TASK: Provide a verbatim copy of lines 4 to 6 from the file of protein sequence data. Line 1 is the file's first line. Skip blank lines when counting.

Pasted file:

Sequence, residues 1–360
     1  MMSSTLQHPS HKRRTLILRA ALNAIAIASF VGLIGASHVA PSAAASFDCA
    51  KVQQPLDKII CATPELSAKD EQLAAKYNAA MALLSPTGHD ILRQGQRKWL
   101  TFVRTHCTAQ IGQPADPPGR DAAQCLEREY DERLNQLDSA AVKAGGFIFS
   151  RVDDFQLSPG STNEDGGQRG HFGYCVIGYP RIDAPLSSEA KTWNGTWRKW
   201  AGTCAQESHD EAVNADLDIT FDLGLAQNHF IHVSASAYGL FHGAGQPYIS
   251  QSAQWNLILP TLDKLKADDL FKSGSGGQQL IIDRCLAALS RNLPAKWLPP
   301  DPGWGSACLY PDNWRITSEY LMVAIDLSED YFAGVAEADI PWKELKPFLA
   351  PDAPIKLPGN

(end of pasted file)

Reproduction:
   101  TFVRTHCTAQ IGQPADPPGR DAAQCLEREY DERLNQLDSA AVKAGGFIFS
   151  RVDDFQLSPG STNEDGGQRG HFGYCVIGYP RIDAPLSSEA KTWNGTWRKW
   201  AGTCAQESHD EAVNADLDIT FDLGLAQNHF IHVSASAYGL FHGAGQPYIS